Edmund Morgan uses a 1765 diary to question Peter Shaw’s reading of the American Revolution

[Edmund S. Morgan, “The Oedipal Revolution,” New York Review of Books, April 16, 1981.]

What this amounts to is psychological determinism, comparable to the economic determinism that was fashionable among the Progressive historians in the early part of this century. For them too the substance of what the colonists said in objection to British measures was not worthy of serious consideration. Everyone was supposed to be moved by economic motives, hidden behind the window dressing of political and constitutional argument. Shaw does not give us economic motives. He does not give us motives at all. The measures to which the colonists objected are for him mere occasions for the performance of rituals; it is the rituals themselves that must be considered as “operative.”

The scope of their operation is, of course, limited. They only bring to conscious realization a subconscious decision of many years standing. It is in keeping with his assumption that Shaw refers to the victims of riots in 1765 as “loyalists,” as though their opponents had already rejected the king. And indeed, by Shaw’s assumption, they had. They had arrived at the stage in the psychic life cycle of their society where it was necessary to undergo a rite of passage. The Stamp Act crowds with their effigies were undertaking “the imagining of revolution in symbolic terms years before any conscious decision to repudiate submission to the king.” But the unconscious decision had already been made. Where a diarist in 1765 speaks of the Boston “Liberty Tree” (where effigies were hung) as “the Royal Elm,” Shaw sees it as a revealing slip of the pen: “It indicated that the tree represented a transfer of sovereignty from king to people several years before one took place politically.”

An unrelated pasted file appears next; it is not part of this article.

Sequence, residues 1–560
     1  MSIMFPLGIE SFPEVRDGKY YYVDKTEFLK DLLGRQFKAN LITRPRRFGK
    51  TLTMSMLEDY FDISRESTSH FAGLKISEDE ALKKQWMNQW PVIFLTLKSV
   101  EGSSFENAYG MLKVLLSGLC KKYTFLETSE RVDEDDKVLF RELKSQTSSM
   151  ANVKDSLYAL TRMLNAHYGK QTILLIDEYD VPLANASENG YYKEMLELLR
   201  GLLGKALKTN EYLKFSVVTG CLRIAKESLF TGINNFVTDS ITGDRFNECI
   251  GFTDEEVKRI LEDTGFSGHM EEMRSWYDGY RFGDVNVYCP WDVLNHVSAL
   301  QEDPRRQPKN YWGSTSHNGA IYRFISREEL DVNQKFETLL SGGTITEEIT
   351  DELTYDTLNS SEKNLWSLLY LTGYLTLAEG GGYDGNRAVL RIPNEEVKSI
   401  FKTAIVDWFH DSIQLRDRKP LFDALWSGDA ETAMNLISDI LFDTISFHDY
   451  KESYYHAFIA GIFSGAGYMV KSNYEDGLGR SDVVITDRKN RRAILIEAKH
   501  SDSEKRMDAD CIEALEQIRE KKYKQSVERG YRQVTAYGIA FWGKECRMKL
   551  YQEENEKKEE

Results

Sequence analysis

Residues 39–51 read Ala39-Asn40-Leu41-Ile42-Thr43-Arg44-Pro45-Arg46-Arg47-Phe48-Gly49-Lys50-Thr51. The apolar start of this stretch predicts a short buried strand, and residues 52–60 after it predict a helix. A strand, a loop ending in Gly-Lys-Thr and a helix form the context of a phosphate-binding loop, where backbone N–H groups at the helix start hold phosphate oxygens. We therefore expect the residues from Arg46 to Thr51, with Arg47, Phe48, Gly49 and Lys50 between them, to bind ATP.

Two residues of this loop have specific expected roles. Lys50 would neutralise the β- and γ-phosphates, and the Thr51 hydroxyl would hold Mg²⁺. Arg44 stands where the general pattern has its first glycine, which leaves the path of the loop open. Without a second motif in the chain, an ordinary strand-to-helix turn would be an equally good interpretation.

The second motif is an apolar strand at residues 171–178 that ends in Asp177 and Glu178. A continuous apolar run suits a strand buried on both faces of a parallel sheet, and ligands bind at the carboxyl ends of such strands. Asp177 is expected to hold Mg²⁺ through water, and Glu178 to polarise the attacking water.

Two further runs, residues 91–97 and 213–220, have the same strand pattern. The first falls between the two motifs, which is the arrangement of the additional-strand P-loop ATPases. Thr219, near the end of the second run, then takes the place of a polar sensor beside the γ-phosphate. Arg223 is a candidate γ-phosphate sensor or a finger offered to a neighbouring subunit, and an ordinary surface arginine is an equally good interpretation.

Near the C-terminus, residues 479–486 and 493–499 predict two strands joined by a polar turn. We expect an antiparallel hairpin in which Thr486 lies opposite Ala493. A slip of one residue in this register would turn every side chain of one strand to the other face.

Sean Wilentz raises the John Brown Raid to test Michael Kazin’s claims about radicalism

[Sean Wilentz, “The Left Vs. the Liberals,” New York Review of Books, August 16, 2012.]

Kazin understands that liberal reformism has existed independently of radical agitation—he cursorily calls the New Deal reforms “liberal achievements,” and mentions a stillborn liberal “new age of reform” in the 1960s—but his book chiefly makes liberalism’s ideas seem like weaker versions of the radicals’ ideals, advanced as responses to the radicals’ protests.